SS: You mentioned platforms. We believe that everything will eventually become an IoT platform. Platforms will become a commodity. In this context, how would you distinguish one platform from another?

RB: The concept of a platform is based on the fact that it is a technology stack, that it features a substantial amount of technical expertise, and that it is about an ecosystem. And, therefore, this is the first objection I have against your statement, it cannot be commoditized. Our platform, including our ecosystem, is and will be unique in the market; you will not find another technology ecosystem or stack that is alike. So it is not about whether or not we will have a layer in our technology stack or our operating system MindSphere where one might see other competitive products. Instead, there is only one ecosystem which is serving this technology stack and this platform and this is ours which is very powerful. The reason it is so powerful is that we are covering many different verticals. So it is worthwhile, for example, for an IT integrator to take his practice onto Siemens’ platform, because they can leverage it from energy to healthcare, to industry to mobility. Therefore, it is not at all a kind of commodity. I do believe the more it scales, the more it differentiates.

SS: You head Siemens Mobility GmbH. What is the vision of mobility in Siemens?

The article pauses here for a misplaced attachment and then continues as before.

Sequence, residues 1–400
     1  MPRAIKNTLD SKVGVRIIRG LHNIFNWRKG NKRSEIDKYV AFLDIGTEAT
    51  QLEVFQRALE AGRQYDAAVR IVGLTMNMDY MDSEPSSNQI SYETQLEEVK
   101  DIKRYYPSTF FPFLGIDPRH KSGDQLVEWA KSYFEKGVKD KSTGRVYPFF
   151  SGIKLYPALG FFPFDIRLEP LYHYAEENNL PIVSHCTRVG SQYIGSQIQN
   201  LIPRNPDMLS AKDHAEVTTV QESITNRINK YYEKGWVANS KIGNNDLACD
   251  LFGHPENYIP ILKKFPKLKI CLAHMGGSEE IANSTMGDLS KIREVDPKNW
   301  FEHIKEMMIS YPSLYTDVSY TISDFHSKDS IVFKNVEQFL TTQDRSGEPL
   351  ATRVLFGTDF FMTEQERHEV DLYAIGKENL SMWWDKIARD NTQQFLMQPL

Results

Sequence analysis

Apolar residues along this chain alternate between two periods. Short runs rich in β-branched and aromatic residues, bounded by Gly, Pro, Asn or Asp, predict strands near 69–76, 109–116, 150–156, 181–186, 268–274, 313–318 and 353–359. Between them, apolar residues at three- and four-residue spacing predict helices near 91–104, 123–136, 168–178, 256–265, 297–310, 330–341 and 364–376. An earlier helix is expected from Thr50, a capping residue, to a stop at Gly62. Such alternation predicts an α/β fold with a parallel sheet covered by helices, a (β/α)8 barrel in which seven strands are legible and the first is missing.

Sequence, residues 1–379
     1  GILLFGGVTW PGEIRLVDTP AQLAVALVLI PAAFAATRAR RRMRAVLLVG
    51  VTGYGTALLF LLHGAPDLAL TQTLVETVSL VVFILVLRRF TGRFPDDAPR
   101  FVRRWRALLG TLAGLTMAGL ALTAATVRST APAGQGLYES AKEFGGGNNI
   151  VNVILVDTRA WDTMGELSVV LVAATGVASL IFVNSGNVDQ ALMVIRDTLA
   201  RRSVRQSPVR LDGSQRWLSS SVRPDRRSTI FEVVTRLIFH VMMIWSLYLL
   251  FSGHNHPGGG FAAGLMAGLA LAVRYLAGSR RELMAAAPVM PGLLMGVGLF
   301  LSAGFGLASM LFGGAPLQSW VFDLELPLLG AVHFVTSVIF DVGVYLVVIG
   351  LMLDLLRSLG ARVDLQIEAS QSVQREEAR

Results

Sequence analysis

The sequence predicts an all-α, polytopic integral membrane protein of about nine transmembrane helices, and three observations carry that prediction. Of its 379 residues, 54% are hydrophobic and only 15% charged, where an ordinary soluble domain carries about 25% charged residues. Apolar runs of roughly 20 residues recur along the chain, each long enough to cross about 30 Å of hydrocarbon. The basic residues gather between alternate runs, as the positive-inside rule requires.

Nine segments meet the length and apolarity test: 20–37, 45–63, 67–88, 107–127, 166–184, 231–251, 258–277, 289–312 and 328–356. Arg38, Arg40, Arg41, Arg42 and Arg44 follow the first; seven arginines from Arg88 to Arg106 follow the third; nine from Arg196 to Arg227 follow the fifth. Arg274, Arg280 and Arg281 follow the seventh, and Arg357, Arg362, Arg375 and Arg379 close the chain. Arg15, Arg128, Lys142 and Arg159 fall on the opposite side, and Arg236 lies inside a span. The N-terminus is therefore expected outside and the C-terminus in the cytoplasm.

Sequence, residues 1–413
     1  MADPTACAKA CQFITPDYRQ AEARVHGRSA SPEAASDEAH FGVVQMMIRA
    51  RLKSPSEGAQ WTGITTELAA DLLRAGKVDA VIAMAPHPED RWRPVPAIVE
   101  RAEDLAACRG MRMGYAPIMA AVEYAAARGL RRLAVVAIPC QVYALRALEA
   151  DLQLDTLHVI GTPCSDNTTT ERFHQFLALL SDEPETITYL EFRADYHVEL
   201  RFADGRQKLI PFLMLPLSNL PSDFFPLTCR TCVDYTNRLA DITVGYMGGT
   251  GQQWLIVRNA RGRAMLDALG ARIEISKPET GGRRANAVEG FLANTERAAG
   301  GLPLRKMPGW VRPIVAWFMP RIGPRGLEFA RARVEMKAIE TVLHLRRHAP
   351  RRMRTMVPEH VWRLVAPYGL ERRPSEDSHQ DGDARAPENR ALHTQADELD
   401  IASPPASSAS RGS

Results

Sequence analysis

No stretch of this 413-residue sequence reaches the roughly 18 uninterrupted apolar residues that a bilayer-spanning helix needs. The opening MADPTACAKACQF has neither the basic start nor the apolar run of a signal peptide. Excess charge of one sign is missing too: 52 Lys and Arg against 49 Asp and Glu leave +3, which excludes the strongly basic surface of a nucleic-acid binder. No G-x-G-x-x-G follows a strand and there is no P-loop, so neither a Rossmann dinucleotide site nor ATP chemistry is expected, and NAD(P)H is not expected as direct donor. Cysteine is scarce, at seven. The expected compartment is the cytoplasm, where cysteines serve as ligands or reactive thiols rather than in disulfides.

RB: Our vision is to be able to contribute to solving the global mobility problem, which is essentially moving people and goods within an urban environment or across urban environments. This is a big challenge. That is why I believe that if one does not solve the mobility challenge, it will restrain growth in our economies and in our cities, and it will make our cities places where it will be problematic to live.

I do believe we have the ingredients to make a contribution. First and foremost we offer public transport, railroads as a rolling stock, and also the signaling system. This brings me to my first point which is that to solve the mobility challenge, one has to focus on public transport. Do not believe that autonomous cars will solve the mobility problem. It could make it even worse. Do not believe that any kind of platform which is just incentivized to put more people into cars will solve the problem. One has to, and this brings me to my second point, offer not only the rolling stock offering or the public transport offering but also the chance to make an intermodal offering. We do traffic management as well so we can really guide people toward where the capacity is and we can guide them towards increased use of public transport and integrating mobility modes better. That is another advantage. We have invested in a company called HaCon which does scheduling and planning. It’s the most common platform used by rail operators worldwide. And this approach is something that we want to expand upon and see how we can really make intermodal usage for customers easier, and enhance how traffic is guided and managed.

SS: Can you comment on the Siemens Alstom merger plans?

RB: The point is we had a plan, gave it lot of thought and, for reasons I can talk about for hours, we failed to get approval from the European Commission. However, are not concerned. Ours is a very strong business, it is growing, we are a leader in profitability in the business, we have a cash conversion rate, and a good RoI contribution for Siemens. We are technology leaders in several areas. So this means we will be building this business in the future from a position of strength and will explore many options. We have given ourselves time to do that and are under no time pressure. This will allow us to come up with the right answers about what will happen next.